The adaptation to look like rocks camouflages them against being eaten. They survive in the heat of the desert by mainly existing underground and just having the top surface of the leaves above ground. The leaves can shrink below ground if it gets particularly hot.
The first Lithops hookeri var. marginata is the first form from around the Cape Town area. It varies slightly, but the face (the top) is usually a speckled rust brown.
Lithops hookeri var. dabneri cv. Annarosa is a greener variety.
Lithops schwantesii var. rugosa comes from the Namibia area at north west of Helmeringhausen. I like how plants these take you on a trip around the world to show different niches plants can live in. People become very obsessed with collecting Lithops with their small size they make for a nice windowsill or greenhouse collection.
This grows in cliff faces in the Northern Cape of South Africa up to Namibia. It forms small upright columns. It forms four-angled compact velvety leaves. This reduces the leaf surface and thus the evaporation so it can survive in the heat of its native habitat. They are susceptible to mealy bugs and fungal infections. Overwatering is the commonest mistake growing them as a houseplant. I have a few other forms of Crassula and they have generally been fairly easy-care plants.
Known as the thimble cactus, it is a slow-growing small cactus from Eastern Mexico. This was one of my favourite purchases. I love how the spines spread to give a web-like effect. It’s listed as an easy-care cactus so hopefully, this one will thrive.
Oreocereus trolli var. majus
This just looked to be a fabulous cactus. It’s got the spines to prevent the water loss and protect and then the hairy strands to create the humidity trap. It’s a South American species from South Boliva and North Argentina. It’s one of the bigger ones I bought. It’s frost hardy and should be fairly tough in theory.
This is another South African species. The scales act in two ways. They reflect some of the suns light away from the plant and shade the small leaves underneath. They grow amongst rocks in their natural habitat. It’s recommended they are grown in a small shallow pot.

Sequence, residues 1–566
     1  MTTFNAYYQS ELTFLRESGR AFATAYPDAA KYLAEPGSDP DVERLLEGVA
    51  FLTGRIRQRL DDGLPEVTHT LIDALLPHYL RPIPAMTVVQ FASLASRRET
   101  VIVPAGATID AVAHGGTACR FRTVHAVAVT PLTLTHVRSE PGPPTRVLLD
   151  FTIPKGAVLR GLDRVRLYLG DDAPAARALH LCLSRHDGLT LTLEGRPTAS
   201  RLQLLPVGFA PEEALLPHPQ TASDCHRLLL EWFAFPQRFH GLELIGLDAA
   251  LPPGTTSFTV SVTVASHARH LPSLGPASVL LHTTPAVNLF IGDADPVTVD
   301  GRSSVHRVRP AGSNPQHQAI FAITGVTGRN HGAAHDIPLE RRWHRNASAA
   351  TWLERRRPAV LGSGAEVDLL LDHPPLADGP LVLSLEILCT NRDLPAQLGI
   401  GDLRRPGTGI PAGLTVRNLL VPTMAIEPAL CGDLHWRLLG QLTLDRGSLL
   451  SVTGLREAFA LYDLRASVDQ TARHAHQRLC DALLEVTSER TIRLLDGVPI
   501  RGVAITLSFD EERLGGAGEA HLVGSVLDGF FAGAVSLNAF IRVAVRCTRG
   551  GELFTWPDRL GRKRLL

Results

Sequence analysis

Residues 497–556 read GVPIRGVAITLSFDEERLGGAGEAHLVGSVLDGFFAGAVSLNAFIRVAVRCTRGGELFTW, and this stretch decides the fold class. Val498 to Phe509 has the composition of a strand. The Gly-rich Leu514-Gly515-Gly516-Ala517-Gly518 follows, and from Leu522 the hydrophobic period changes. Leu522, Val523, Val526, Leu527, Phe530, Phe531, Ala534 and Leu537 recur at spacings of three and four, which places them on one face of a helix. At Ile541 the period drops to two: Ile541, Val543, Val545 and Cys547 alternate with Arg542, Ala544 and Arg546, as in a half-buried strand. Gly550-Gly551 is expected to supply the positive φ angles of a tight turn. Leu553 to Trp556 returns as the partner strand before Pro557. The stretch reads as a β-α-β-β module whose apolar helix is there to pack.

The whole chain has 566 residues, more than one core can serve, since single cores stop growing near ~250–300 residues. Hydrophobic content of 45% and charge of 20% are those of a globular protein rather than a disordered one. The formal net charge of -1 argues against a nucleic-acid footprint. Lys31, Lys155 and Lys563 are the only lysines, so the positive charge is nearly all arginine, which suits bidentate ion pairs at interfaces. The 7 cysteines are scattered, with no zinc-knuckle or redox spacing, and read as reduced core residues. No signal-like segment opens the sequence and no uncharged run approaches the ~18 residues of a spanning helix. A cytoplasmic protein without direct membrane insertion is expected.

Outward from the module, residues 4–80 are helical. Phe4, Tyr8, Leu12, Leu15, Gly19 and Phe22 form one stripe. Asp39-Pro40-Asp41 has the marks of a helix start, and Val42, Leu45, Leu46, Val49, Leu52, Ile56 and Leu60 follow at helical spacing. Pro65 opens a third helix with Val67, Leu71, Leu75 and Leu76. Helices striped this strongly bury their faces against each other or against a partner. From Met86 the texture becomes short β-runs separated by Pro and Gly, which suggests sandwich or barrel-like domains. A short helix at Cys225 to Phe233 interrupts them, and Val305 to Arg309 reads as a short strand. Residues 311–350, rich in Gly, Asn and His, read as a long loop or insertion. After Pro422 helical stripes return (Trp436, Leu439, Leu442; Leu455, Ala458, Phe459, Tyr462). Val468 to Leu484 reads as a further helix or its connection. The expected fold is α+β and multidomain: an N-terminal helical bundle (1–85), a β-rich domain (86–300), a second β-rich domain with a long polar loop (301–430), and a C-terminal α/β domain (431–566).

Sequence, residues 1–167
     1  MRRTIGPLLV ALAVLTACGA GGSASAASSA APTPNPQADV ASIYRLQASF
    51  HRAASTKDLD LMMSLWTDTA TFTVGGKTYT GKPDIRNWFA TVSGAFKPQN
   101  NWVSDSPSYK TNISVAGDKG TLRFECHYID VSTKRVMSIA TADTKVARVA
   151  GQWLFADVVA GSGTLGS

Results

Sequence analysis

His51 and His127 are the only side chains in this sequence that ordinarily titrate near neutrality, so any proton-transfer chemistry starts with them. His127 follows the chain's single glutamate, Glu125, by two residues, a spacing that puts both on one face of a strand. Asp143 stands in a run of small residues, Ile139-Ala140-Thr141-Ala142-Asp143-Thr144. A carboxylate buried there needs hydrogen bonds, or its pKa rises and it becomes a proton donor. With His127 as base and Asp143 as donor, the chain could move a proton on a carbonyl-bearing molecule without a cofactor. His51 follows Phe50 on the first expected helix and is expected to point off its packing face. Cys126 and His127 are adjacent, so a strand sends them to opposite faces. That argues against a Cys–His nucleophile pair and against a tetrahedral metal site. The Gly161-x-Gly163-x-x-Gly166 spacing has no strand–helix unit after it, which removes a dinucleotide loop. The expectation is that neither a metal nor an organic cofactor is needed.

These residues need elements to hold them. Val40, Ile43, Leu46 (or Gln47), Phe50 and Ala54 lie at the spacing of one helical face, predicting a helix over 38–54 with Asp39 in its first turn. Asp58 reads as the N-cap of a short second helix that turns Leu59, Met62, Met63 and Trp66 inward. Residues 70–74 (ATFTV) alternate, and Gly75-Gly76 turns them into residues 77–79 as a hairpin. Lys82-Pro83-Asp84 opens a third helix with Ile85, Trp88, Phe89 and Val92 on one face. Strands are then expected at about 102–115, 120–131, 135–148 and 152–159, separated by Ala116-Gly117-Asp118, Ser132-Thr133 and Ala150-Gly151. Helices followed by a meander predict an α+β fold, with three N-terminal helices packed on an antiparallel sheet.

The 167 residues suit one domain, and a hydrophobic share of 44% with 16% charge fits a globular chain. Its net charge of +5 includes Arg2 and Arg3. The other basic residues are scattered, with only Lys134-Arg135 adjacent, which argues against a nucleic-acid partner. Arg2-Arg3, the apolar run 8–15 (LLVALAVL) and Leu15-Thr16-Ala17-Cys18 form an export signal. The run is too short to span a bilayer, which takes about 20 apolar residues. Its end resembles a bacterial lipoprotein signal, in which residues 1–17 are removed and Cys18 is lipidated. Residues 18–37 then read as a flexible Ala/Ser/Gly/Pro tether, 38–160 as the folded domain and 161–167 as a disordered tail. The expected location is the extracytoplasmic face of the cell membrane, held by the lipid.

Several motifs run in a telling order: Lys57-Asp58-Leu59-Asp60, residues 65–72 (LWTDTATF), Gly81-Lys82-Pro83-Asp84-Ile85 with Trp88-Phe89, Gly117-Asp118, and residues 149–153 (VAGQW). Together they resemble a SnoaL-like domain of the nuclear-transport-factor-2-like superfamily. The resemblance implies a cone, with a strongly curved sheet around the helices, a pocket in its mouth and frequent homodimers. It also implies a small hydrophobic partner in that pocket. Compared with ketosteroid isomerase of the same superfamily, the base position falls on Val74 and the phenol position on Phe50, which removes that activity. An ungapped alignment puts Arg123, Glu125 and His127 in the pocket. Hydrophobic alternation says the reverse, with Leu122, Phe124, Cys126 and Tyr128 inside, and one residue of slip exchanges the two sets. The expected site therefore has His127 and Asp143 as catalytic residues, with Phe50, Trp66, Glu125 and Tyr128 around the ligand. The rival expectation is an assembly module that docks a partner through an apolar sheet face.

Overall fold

This is a little Mexican species forming jelly bean like succulent stems.
A relative of aloes, huttoniae has been renamed as excelsa in some sources. It is another South African succulent. It grows within shady thickets, on cliff edges and slopes. It has been found inland and in coastal positions. The leaves are brittle and new plants form from broken leaf fragments. The speckled dark green is one of the more attractive looking succulents I purchased. Alice choose a smaller one she fancied.
Unlike the other Oreocereus this one has the potential to grow big. In the wild they can grow 1-2m but I doubt I’ll be seeing any growth that big for a good while as growth is slow.
I’m going to need to work out how to display them to make the most of such interesting plants. I was wondering about putting them in terracotta pots and sinking them into a larger sand tray. A bit like the Wassand Hall display on a smaller scale but I’ll have to see what I can get hold of. I rather fancy a monkey tail cactus too though I’d then be adding to my problems of where to put all these plants. The furry hanging cactus at the front. Though this would probably be an accident waiting to happen. I can see how people can be obsessive about collecting these plants. They are fascinating, though luckily for my family I am limited to a few suitable windowsills. I hope you’ve enjoyed a closer look at the weekends purchases. I feel I’ve got a better grasp of conditions and watering from writing this. Hopefully they will survive and thrive.
It’s been a good while since I wrote a blog but this week I finished my last RHS exams. Hopefully, I passed and won’t need to resit. The first exam covered fruit and veg which isn’t my strongest knowledge area but it didn’t feel too bad. The second is on protected environments. They had changed the exam from any of the previous past papers. You usually have a good few questions where you write profiles of particular houseplants. There weren’t any of these questions but a lot more of growing veg in protected structures. A bit disappointed as I know houseplants better but so it goes. Now I’ve got the exams out the way I can get back to actually focussing on my own garden so expect a few updates.